Cluster Bombs Should Stop Being Used

March 14, 2016 3:16 pm Last Updated: March 14, 2016 3:16 pm

The continuous use of cluster bombs—many of them manufactured by the United States—in several conflicts around the world shows a disregard for human rights and tarnishes the image of those countries that make, sell, and use them. Because of the high number of civilians who are frequently their victims—including children who unknowingly pick them up—they should more appropriately be called “Cowards’ bombs.”

Cluster bombs eject explosive bomblets (little bombs) designed to kill personnel and destroy vehicles over a wide area. Unexploded bomblets can continue killing or maiming civilians long after a conflict has ended, and are very costly to find and remove. In Vietnam, for example, approximately 300 people are still killed annually by unexploded ordnance.

Handicap International says that 98% of their recorded cluster munitions casualties are civilians, and 27% are children.

Nations that ratify the Convention on Cluster Munitions adopted in Dublin, Ireland, in May 2008, are prohibited from using them. This Convention entered into force and became binding international law on Aug. 1, 2010. The Convention on Cluster Munitions bans the stockpiling, use, and transfer of virtually all existing cluster bombs, and provides for the clearing up of unexploded munitions.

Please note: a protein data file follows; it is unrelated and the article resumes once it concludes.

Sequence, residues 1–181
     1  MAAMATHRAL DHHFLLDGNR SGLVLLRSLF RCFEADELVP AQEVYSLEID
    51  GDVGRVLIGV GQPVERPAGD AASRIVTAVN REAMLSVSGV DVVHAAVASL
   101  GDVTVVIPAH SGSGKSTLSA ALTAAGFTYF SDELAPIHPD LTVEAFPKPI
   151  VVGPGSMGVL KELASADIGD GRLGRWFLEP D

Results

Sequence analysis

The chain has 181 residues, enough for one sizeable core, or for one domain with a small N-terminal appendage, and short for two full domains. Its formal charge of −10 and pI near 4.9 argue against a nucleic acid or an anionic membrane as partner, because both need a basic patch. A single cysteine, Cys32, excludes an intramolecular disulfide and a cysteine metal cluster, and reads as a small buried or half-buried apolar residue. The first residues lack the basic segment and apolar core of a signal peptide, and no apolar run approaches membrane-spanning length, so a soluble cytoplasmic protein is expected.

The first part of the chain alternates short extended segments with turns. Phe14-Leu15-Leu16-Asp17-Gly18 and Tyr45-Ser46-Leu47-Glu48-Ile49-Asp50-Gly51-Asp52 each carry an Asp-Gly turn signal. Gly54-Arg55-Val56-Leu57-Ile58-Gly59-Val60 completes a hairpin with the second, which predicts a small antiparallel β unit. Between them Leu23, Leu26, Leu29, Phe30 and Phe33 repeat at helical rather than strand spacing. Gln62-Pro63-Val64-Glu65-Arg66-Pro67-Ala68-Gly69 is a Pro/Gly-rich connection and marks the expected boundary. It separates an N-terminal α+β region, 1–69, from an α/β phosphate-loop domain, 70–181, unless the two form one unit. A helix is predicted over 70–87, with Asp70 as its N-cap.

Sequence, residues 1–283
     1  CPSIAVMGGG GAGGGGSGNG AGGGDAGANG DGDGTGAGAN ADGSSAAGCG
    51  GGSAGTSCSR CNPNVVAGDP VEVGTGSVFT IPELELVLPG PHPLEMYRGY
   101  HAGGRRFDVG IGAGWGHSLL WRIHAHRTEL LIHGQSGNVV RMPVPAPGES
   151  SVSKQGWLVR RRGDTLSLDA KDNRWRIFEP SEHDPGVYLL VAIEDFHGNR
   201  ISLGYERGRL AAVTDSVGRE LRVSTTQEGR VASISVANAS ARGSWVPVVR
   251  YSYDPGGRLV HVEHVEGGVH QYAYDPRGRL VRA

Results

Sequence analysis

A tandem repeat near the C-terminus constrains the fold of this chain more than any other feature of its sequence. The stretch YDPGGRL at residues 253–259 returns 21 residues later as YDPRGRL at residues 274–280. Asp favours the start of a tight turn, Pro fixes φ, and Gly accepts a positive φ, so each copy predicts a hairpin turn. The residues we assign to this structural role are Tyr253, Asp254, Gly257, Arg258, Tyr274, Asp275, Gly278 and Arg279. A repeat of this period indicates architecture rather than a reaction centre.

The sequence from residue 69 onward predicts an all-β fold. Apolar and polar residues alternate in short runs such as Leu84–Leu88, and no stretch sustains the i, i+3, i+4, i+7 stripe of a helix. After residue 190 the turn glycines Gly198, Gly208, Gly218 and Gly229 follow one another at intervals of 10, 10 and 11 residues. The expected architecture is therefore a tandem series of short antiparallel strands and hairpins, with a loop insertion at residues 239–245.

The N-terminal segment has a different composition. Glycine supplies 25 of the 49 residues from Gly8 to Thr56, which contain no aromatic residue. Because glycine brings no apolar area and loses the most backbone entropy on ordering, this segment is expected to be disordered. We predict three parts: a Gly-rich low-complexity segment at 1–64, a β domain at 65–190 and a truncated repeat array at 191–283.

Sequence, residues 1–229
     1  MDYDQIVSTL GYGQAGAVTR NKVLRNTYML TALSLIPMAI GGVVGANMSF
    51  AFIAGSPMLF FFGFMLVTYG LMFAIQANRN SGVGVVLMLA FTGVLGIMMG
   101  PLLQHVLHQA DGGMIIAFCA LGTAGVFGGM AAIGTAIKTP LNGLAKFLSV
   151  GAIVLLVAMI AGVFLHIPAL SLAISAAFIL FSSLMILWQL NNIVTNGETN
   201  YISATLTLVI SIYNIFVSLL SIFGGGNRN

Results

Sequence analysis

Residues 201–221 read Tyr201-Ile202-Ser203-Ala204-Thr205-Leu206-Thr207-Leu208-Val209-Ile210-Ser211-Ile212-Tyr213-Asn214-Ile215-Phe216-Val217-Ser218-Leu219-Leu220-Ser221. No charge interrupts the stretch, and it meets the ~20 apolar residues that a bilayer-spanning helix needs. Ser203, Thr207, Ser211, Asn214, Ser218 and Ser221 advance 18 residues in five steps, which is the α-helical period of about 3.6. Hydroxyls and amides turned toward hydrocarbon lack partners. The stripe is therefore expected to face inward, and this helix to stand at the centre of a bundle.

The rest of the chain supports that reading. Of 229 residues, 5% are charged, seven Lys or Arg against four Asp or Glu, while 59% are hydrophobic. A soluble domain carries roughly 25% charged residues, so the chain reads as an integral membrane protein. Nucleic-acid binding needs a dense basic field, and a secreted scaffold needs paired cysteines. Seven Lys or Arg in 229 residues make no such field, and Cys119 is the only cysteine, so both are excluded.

As of October 2015, a total of 118 states have joined the Convention, as 98 parties and 20 signatories. Many of the world’s major military powers, including the United States, Russia, Brazil, and China, are not signatories of that treaty. The treaty’s obligations became legally binding after 30 states ratified the convention, and subsequently for all other ratifying states.

The father of Hamza Ali, 6, helps to change his bandage at a local hospital in Baghdad, Iraq, on April 27, 2003. Hamza was one of four siblings who were injured when a cluster bomb exploded on April 26, 2003 while they were playing outside. Two of the children died as a result of the incident. (Marco Di Lauro/Getty Images)
The father of Hamza Ali, 6, helps to change his bandage at a local hospital in Baghdad, Iraq, on April 27, 2003. Hamza was one of four siblings who were injured when a cluster bomb exploded on April 26, 2003 while they were playing outside. Two of the children died as a result of the incident. (Marco Di Lauro/Getty Images)

Since the creation of the United Nations in 1945, at least 30 countries have produced cluster munitions, among them China, France, Germany, Israel, Italy, Japan, North Korea, Russia, the United Kingdom, and the United States. As of November 2015, at least 61 countries have stockpiles of cluster munitions.

26 countries have subscribed to the Wellington Declaration, agreeing in principle that their stockpiles of cluster munitions should be destroyed. Despite these lofty declarations of intent, however, at least 17 countries have used cluster munitions in recent times. Among those countries are France, Iran, Iraq, Israel, Libya, Netherlands, Russia, Saudi Arabia, South Africa, Sudan, Syria, the United Kingdom, and the United States.

Heba, 3, who was found with part of her intestine hanging out of a stomach wound apparently caused by a cluster bomb over her home, lies in a hospital bed next to her grandmother Salim Abdullah in Misrata, 75 miles east of Tripoli, on April 18, 2011. (Odd Andersen/AFP/Getty Images)